pymc.math.clip = <aesara.tensor.elemwise.Elemwise object>[source]#

Clip x to be between min and max.

Note that when x is equal to the boundaries, the output is considered to be x, so at these points, the gradient of the cost wrt the output will be propagated to x, not to min nor max. In other words, on these points, the gradient wrt x will be equal to the gradient wrt the output, and the gradient wrt min and max will be zero.

Generalizes a scalar Op to tensors.

All the inputs must have the same number of dimensions. When the Op is performed, for each dimension, each input’s size for that dimension must be the same. As a special case, it can also be one but only if the input’s broadcastable flag is True for that dimension. In that case, the tensor is (virtually) replicated along that dimension to match the size of the others.

The dtypes of the outputs mirror those of the scalar Op that is being generalized to tensors. In particular, if the calculations for an output are done in-place on an input, the output type must be the same as the corresponding input type (see the doc of ScalarOp to get help about controlling the output type)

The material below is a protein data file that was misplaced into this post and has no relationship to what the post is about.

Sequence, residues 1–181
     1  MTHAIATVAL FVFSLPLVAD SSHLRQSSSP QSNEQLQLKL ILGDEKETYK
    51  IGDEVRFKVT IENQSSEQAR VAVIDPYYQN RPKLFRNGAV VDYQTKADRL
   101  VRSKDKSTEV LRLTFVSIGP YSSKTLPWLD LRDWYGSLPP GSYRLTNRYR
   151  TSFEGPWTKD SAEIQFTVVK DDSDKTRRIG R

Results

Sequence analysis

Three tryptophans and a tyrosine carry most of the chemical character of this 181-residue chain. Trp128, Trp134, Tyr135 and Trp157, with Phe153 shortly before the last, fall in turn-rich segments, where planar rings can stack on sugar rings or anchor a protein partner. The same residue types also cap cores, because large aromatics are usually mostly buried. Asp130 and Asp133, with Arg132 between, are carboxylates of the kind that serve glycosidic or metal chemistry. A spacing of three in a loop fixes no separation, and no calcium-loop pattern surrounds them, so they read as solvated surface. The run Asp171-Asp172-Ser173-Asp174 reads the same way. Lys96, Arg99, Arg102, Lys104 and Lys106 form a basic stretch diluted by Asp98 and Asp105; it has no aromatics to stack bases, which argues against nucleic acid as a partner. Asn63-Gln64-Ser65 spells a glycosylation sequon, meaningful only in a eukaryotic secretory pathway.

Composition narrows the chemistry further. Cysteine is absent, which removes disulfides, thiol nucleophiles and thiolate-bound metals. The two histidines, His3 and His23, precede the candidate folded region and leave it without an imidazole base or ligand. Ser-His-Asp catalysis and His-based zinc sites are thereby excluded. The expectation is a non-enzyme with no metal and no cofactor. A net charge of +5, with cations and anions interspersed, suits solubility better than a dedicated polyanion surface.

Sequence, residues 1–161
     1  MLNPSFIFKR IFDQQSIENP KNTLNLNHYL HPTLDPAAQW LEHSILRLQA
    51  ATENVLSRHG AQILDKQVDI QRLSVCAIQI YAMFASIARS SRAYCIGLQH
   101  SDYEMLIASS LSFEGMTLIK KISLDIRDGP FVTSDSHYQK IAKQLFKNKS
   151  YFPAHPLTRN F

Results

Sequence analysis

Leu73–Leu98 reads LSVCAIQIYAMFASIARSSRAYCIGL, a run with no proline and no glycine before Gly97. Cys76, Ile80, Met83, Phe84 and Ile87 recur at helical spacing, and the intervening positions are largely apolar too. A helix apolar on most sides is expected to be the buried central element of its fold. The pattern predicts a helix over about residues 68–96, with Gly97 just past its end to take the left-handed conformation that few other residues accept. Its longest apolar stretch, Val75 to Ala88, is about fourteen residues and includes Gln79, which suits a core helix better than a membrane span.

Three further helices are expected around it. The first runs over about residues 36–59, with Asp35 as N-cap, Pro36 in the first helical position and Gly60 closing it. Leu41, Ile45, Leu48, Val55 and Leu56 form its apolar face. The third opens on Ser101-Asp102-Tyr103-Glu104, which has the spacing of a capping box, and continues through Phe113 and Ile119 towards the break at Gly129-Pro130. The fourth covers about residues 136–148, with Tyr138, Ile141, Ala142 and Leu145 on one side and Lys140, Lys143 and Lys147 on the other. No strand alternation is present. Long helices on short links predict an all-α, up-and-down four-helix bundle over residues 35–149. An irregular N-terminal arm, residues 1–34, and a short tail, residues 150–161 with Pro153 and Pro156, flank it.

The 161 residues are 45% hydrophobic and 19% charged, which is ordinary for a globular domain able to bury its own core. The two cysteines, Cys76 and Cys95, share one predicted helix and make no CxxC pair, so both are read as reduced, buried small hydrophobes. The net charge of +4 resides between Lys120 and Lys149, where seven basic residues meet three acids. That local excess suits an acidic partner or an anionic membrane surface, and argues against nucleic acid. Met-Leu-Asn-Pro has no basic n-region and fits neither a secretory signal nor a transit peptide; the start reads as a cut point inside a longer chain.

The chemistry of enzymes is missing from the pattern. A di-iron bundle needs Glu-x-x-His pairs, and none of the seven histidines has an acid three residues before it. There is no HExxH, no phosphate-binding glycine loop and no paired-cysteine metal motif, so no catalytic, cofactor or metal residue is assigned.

-Elemwise(add): represents + on tensors x + y -Elemwise(add, {0 : 0}): represents the += operation x += y -Elemwise(add, {0 : 1}): represents += on the second argument y += x -Elemwise(mul)(np.random.random((10, 5)), np.random.random((1, 5))): the second input is completed along the first dimension to match the first input -Elemwise(true_div)(np.random.random(10, 5), np.random.random(10, 1)): same but along the second dimension -Elemwise(int_div)(np.random.random((1, 5)), np.random.random((10, 1))): the output has size (10, 5). -Elemwise(log)(np.random.random((3, 4, 5)))